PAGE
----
Decades ago, the medical community largely abandoned the term, after doctors developed a better understanding of breathing capacity and drowning injuries. Today, some people occasionally use "dry drowning" to describe cases in which liquid makes the voice box spasm and shut, reducing breathing and other vital functions. This article will discuss the symptoms and causes of dry drowning and explain when to seek medical attention. Dry drowning once referred to instances in which a person died more than 24 hours after swallowing or inhaling liquid but showed no signs of breathing trouble. At present, the medical community has not agreed on a term to replace dry drowning. Some groups use "post-immersion syndrome" or, less commonly, "delayed drowning.
What to know about 'dry drowning' after 4-year-old's incident
Dry drowning vs. secondary drowning: Here's the difference
With summer swim season beginning, tales appear on Facebook pages and Twitter feeds, typically involving a child who was rescued from the water, or gulped down a mouthful, and then stops breathing hours — or even days — later. But the misconception is that these children showed no symptoms between the time they left the water and when their parents noticed breathing distress, Wernicki said. It leads parents to worry that even if their child seems OK and is breathing normally, they could still be in danger. In some of these incidents, the child contracted aspiration pneumonia — an infection that develops from water trapped in the lungs. Despite education campaigns to that effect, the misconception remains. Typically, the body takes care of water in the airway by coughing it out, he said. Then, the symptoms subside.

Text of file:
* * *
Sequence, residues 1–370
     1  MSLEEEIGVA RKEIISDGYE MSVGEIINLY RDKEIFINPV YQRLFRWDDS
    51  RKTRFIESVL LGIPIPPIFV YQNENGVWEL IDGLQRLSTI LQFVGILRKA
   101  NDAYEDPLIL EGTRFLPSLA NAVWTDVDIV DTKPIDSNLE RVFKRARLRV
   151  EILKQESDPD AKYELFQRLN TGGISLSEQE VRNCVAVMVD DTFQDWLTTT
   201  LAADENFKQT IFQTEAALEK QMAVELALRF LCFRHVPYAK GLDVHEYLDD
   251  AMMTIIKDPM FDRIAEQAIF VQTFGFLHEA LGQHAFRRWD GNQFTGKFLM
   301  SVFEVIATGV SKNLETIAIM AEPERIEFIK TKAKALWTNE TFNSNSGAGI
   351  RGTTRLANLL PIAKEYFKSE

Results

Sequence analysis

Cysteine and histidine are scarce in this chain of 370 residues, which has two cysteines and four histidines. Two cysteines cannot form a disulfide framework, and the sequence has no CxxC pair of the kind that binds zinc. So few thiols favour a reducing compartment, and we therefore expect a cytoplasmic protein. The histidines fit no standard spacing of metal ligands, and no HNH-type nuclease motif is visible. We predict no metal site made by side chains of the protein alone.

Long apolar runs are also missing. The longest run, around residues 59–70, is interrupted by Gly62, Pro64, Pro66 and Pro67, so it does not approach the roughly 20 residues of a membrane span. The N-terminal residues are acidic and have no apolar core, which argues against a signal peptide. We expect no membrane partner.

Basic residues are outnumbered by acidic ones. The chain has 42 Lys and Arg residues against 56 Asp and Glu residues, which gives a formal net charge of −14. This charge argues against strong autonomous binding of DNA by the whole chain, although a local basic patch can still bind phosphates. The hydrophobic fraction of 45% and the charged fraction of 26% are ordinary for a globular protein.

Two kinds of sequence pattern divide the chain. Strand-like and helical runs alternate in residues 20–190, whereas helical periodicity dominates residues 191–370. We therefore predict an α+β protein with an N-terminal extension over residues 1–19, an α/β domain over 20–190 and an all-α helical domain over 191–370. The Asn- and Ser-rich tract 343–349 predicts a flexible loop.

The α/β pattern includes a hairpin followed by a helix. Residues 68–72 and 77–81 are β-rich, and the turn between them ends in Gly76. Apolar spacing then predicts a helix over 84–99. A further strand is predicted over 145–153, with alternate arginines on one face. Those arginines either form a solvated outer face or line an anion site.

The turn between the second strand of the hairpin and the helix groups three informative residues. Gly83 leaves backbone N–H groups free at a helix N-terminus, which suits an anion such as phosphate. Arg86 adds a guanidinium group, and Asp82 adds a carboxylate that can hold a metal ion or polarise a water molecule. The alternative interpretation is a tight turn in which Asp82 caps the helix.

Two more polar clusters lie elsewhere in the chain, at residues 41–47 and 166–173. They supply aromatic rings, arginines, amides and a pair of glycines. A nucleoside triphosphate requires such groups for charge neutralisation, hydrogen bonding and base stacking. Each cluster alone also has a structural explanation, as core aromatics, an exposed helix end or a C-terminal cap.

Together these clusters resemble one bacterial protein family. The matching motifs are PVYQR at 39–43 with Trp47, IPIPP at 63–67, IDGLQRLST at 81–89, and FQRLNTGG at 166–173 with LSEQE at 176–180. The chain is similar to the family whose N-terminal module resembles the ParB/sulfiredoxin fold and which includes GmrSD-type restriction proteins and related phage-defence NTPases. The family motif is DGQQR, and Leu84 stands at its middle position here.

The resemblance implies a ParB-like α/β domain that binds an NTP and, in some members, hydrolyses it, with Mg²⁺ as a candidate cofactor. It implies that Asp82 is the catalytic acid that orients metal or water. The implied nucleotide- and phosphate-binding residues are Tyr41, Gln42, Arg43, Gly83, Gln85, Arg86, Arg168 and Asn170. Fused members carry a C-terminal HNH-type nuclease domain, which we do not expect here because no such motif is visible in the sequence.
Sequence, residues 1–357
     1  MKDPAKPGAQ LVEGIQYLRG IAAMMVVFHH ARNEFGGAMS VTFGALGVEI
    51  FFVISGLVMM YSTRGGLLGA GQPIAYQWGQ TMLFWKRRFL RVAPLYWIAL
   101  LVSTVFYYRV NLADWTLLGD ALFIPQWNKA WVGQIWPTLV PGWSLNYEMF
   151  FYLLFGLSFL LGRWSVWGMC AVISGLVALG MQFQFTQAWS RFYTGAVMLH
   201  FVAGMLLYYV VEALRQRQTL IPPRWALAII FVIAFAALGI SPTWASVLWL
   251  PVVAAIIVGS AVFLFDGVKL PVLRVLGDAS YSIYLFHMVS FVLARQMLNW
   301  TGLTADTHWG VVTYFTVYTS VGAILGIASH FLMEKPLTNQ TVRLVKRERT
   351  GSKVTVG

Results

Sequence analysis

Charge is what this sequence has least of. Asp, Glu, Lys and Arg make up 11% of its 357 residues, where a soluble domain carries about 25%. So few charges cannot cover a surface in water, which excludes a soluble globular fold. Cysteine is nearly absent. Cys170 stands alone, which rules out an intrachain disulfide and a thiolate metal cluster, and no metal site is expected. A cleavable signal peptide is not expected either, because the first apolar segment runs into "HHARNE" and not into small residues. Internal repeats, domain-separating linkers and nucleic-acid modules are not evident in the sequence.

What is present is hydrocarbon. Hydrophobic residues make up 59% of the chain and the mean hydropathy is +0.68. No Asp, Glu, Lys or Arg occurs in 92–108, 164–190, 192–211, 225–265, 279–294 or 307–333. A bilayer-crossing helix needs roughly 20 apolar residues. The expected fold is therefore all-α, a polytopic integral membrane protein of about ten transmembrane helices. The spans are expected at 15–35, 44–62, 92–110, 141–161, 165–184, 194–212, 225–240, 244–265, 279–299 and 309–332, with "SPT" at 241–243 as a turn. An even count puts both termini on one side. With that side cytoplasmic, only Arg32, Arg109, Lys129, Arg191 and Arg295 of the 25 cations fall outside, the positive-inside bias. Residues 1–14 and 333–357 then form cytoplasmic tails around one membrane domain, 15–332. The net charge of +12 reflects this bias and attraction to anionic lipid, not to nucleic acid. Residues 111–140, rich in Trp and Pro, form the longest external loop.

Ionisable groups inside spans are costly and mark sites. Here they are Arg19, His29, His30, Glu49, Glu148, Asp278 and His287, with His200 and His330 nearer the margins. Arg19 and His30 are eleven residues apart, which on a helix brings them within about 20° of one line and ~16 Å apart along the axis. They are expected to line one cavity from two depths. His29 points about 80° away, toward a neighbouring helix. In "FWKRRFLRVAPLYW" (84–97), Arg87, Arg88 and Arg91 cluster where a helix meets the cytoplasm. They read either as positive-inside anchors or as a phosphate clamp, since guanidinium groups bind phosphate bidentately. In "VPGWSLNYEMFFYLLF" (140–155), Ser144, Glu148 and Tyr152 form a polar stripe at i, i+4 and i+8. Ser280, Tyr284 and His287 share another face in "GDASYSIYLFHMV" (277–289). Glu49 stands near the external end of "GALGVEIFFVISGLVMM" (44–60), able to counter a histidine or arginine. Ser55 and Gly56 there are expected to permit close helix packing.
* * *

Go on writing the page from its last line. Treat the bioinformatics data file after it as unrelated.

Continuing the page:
Get the Facts about Dry Drowning. Signs of Secondary Drowning
Seth C. However, it is not synonymous with death: it can be interrupted. Patients who have been rescued from drowning and who have minimal symptoms generally get better within 4 to 8 hours of the event. Rescued victims should be warned that, although a rare condition, if they develop cough, breathlessness, or any other worrisome symptom within 8 hours of being in the water, they should seek medical attention immediately.
In the majority of cases, the risk of fatal drowning ends when a child leaves the water. But in rare instances, breathing problems can occur after a youngster has been submerged and rescued. We explore the signs parents need to watch out for. However, Bugembe points out that, recently, there has been a move by medical professionals to stop using these terms because they can create ambiguity that may compromise the care a child receives. Indeed, following a WHO report , there is consensus that the terms 'wet', 'dry', 'active', 'passive', 'silent', and 'secondary' drowning should no longer be used.